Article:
According to research led by Anthony Bogaert at Brock University in Canada, women who become pregnant with boys also develop antibodies that specifically target a protein that is made by the Y chromosome — one of the two sex chromosomes in mammals.
The study, titled "Male Homosexuality and Maternal Immune Responsivity to the Y-Linked Protein NLGN4Y," was published Monday in the Proceedings of the National Academy of Sciences journal.
A team of psychologists and immunologists studied 16 women with no sons, 72 women with gay sons, 31 mothers of gay sons with no older brothers, 23 mothers of gay sons with older brothers and a control group of 12 men.
The antibody levels of two proteins expressed in the male fetal brain, PCDH11Y and two forms of NLGN4Y, were measured.
The study, however, explicitly excluded mothers of bisexual sons and of adult transgender individuals, and classified three mothers with "gender-dysphoric" sons as mothers of gay sons (because researchers predicted these sons would be likely to identify as gay men as adults). It does not seem to have taken into account current understandings of the nuances of gender and sexuality.
The researchers noticed that gay sons, particularly those with older brothers, had much higher antibody levels of the two forms of NLGN4Y than any other participant group. The scientists suspect that when the Y chromosome enters a woman's body after her first pregnancy with a boy, her body develops antibodies against the chromosome, which can cross the placental barrier and seep into the fetus' brain if she becomes pregnant with another boy.
"It seems that some women during their first male pregnancy, or just after their first male birth, begin to detect this foreign substance [the NLGN4Y protein] and start to develop an immune response. And then later, with further male pregnancies, the high levels of antibodies directed toward this substance may change brain development in these later born males," Bogaert explained.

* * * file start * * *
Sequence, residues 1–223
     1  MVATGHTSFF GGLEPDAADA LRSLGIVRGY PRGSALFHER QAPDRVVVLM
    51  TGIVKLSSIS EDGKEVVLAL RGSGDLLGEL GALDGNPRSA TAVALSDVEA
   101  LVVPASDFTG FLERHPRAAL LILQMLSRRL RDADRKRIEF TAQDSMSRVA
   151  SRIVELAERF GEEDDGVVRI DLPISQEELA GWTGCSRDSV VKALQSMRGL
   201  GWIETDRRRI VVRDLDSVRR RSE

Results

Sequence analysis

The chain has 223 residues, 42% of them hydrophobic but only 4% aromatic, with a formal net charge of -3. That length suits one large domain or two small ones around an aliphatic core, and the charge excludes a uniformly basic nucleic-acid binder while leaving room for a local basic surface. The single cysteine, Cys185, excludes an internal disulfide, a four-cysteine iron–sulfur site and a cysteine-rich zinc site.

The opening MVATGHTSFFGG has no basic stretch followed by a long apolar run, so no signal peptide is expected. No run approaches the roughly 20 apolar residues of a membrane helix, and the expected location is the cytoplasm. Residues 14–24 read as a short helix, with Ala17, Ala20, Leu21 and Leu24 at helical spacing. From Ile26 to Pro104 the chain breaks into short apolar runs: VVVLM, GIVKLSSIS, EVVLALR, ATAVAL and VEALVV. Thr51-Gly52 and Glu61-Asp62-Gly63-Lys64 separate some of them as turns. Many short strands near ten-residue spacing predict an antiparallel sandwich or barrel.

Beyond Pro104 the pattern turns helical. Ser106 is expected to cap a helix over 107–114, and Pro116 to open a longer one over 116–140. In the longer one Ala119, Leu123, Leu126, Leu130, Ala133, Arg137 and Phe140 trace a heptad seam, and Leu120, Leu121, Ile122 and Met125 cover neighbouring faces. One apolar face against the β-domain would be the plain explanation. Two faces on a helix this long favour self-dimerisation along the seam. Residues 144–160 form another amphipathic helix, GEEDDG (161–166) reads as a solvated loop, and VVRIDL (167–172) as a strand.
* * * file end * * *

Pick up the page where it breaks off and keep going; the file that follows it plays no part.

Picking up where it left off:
This new finding suggests that the older brother effect has an immunological and maternal development explanation, especially because researchers did not see similar results in families with adopted brothers. In addition, the research does not provide a biological origin for why some men are bisexual, gender-dysphoric or asexual.
"We think it's very important to understanding male sexual orientation. It speaks to the mechanisms of sexual orientation development," Bogaert explained.
"The implications of this study, especially if and when it is replicated by an independent team, are profound. Along with more deeply understanding the exact origin of the older brother effect, it helps solidify the idea that, at least in men, there's a strong biological basis to sexual orientation."
However, psychologists believe that the probability of a male child being born gay is still small, even if they have multiple older brothers.
"The vast majority of men with older brothers are still heterosexual, but it says something very broad about sex and gender development," Bogaert said.
The study reaffirms the belief that genes alone do not explain homosexuality and that there are immunological factors that biologically influence sexual orientation.
"This is the culmination of more than 20 years of research when we started looking at the older brother, or fraternal birth order, effect. The current study adds to the growing scientific consensus that homosexuality is not a choice, but rather an innate predisposition," Bogaert said.